Australian companies should assess modern slavery risks in their operations and supply chains, following an interim report from a joint parliamentary committee enquiry tasked with considering whether modern slavery reporting requirements should be imposed in Australia.
The interim report recommends:
- The Government should support the introduction of a Modern Slavery Act in Australia
- The Act should establish supply chain reporting requirements for Australian companies
- The Act should also provide for the appointment of an independent Anti-Slavery Commissioner
The Government has subsequently published a consultation paper which makes clear that the Governments preference is to introduce a new Act which would impose reporting requirements on entities with an annual turnover in excess of $100 million. The reports would take the form of a Modern Slavery Statement to be published online within five months from the end of the Australian financial year.
The Government's present position is that the minimum content of a Modern Slavery Statement would include:
- The entity’s structure, its operations and its supply chains
- The modern slavery risks present in the entity’s operations and supply chains
- The entity’s policies and process to address modern slavery in its operations and supply chains and their effectiveness (such as codes of conduct, supplier contract terms and training for staff), and
- The entity’s due diligence processes relating to modern slavery in its operations and supply chains and their effectiveness.
Legislation is expected to be introduced into parliament in the first half of 2018 and the Government has asked for public feedback on the consultation paper to be submitted before 20 October 2017. In the meantime, the parliamentary committee has indicated that it will continue its enquiries with a view to making further recommendations in a final report. These recommendations will encompass both the content of the proposed Modern Slavery Act and potentially other changes to Australian legislation relating to modern slavery, including in relation to the detection and prosecution of slavery offences.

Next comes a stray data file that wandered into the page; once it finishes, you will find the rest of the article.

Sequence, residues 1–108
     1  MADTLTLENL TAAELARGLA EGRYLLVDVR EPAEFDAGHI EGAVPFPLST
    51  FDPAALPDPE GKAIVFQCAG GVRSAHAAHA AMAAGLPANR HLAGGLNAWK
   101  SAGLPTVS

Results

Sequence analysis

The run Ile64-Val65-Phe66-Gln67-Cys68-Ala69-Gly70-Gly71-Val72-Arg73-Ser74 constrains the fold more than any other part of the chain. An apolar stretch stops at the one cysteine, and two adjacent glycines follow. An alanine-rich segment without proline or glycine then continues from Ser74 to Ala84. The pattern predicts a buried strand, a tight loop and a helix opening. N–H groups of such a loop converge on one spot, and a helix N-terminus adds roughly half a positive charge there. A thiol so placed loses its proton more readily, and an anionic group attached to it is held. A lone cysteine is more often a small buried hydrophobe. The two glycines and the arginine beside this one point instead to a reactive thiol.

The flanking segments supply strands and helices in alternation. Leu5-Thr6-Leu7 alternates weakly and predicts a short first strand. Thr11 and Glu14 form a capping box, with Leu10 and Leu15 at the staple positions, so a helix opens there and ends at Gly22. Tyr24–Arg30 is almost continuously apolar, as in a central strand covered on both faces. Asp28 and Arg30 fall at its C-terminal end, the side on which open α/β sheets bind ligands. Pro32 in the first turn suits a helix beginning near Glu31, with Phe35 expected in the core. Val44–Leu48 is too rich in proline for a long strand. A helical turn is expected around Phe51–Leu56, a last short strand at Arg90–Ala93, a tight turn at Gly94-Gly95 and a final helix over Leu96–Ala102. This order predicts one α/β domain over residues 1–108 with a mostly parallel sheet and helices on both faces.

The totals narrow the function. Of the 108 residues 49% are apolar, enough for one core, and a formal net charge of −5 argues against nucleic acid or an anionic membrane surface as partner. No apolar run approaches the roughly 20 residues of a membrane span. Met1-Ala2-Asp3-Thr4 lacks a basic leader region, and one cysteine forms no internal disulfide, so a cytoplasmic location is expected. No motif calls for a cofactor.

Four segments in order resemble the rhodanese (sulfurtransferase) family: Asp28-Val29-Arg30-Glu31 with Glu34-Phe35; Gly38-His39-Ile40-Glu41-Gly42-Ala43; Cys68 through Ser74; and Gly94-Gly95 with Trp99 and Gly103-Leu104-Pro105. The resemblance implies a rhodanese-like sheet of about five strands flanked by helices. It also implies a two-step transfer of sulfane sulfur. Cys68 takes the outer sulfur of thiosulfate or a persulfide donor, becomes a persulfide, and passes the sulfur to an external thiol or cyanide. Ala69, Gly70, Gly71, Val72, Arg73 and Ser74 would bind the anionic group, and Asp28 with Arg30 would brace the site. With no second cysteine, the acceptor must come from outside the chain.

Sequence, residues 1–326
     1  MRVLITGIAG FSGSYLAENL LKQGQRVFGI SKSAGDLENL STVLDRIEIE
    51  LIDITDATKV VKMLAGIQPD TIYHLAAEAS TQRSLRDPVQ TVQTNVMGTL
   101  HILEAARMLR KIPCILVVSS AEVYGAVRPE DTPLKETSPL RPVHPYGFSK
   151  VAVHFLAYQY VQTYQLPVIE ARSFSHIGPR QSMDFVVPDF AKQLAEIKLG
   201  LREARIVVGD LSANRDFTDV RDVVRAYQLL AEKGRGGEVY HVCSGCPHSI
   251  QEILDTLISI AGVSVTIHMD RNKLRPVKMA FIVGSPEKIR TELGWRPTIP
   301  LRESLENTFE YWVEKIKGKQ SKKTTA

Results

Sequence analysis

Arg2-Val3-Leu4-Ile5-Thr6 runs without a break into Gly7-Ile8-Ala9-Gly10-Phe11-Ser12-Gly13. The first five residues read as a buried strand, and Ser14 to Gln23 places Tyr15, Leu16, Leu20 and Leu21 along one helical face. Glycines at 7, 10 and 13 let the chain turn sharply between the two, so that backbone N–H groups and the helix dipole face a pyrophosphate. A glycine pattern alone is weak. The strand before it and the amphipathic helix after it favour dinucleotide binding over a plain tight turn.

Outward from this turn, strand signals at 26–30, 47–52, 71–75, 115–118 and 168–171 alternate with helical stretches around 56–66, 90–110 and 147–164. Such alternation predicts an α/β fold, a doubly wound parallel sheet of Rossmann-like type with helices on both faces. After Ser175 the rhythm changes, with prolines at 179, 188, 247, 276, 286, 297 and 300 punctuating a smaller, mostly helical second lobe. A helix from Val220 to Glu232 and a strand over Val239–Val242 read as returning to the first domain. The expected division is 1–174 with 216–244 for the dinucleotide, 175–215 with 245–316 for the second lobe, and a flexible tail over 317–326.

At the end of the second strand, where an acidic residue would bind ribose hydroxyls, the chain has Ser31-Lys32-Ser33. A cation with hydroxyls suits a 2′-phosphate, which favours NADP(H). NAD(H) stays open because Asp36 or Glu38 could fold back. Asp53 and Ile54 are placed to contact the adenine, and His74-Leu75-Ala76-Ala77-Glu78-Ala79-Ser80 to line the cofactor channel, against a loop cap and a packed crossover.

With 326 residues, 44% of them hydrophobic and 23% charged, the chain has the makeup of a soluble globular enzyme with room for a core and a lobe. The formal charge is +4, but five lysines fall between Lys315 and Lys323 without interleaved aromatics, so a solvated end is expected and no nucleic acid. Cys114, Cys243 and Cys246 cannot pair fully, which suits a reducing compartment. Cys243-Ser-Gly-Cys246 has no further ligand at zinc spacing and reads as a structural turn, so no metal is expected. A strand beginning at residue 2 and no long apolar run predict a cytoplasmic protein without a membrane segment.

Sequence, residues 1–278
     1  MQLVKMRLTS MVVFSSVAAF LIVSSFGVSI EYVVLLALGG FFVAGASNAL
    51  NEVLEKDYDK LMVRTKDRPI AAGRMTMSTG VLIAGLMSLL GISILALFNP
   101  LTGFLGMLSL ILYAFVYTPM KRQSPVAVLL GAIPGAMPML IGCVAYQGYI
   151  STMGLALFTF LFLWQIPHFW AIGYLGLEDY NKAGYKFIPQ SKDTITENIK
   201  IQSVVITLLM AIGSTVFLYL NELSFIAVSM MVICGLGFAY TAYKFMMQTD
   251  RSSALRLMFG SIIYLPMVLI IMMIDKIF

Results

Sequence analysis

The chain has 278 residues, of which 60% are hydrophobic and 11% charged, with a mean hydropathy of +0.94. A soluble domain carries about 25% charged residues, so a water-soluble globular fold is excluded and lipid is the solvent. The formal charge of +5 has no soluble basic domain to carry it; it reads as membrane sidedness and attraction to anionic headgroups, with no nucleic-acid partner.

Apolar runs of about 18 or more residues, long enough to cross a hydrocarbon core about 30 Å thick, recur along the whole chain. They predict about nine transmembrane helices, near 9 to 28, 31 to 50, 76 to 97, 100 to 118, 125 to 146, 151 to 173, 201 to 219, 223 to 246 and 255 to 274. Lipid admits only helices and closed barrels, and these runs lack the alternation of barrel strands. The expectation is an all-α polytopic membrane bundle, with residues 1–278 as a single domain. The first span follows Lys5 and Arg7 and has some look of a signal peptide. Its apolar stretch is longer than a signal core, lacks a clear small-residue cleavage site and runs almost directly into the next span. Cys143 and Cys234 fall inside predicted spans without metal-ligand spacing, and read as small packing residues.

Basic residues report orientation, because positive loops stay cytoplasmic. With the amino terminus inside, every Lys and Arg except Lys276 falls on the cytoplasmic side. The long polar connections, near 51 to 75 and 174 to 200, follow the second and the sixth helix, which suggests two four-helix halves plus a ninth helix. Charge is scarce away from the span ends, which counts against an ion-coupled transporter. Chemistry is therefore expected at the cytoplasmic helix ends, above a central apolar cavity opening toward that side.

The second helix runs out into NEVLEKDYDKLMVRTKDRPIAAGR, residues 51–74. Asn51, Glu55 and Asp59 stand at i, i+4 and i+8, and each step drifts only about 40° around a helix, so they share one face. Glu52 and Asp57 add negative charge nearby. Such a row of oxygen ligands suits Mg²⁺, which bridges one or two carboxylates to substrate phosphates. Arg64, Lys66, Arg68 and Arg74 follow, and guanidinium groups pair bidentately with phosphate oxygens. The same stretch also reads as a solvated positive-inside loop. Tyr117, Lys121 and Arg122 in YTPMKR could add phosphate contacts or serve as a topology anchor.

Many Australian companies are already subject to the reporting requirements of the UK Modern Slavery Act (2015) and may have published Modern Slavery Statements pursuant to that legislation. If you are not already reporting you should now consider whether you might be subject to the proposed reporting requirements and whether your company is taking effective steps to address modern slavery risks in your operations and supply chains.
The contents of this publication, current at the date of publication set out above, are for reference purposes only. They do not constitute legal advice and should not be relied upon as such. Specific legal advice about your specific circumstances should always be sought separately before taking any action based on this publication.
© Herbert Smith Freehills 2020